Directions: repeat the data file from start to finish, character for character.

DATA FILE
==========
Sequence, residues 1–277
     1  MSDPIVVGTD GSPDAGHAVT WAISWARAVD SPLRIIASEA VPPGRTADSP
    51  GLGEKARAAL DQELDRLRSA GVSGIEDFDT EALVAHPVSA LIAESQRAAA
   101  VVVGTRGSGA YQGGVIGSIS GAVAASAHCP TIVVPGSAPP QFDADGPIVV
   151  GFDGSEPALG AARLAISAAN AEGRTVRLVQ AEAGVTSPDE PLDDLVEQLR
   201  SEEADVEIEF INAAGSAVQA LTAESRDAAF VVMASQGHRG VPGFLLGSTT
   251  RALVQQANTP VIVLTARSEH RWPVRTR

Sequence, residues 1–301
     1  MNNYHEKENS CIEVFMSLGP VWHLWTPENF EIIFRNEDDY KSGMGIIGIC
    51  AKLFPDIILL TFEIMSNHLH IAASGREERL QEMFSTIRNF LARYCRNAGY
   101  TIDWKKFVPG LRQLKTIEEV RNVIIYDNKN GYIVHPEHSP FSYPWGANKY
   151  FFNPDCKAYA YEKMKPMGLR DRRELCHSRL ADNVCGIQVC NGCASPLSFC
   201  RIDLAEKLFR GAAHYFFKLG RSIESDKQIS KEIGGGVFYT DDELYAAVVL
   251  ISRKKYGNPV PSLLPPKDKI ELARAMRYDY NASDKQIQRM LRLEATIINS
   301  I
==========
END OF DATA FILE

Sequence, residues 1–277
     1  MSDPIVVGTD GSPDAGHAVT WAISWARAVD SPLRIIASEA VPPGRTADSP
    51  GLGEKARAAL DQELDRLRSA GVSGIEDFDT EALVAHPVSA LIAESQRAAA
   101  VVVGTRGSGA YQGGVIGSIS GAVAASAHCP TIVVPGSAPP QFDADGPIVV
   151  GFDGSEPALG AARLAISAAN AEGRTVRLVQ AEAGVTSPDE PLDDLVEQLR
   201  SEEADVEIEF INAAGSAVQA LTAESRDAAF VVMASQGHRG VPGFLLGSTT
   251  RALVQQANTP VIVLTARSEH RWPVRTR

Sequence, residues 1–301
     1  MNNYHEKENS CIEVFMSLGP VWHLWTPENF EIIFRNEDDY KSGMGIIGIC
    51  AKLFPDIILL TFEIMSNHLH IAASGREERL QEMFSTIRNF LARYCRNAGY
   101  TIDWKKFVPG LRQLKTIEEV RNVIIYDNKN GYIVHPEHSP FSYPWGANKY
   151  FFNPDCKAYA YEKMKPMGLR DRRELCHSRL ADNVCGIQVC NGCASPLSFC
   201  RIDLAEKLFR GAAHYFFKLG RSIESDKQIS KEIGGGVFYT DDELYAAVVL
   251  ISRKKYGNPV PSLLPPKDKI ELARAMRYDY NASDKQIQRM LRLEATIINS
   301  I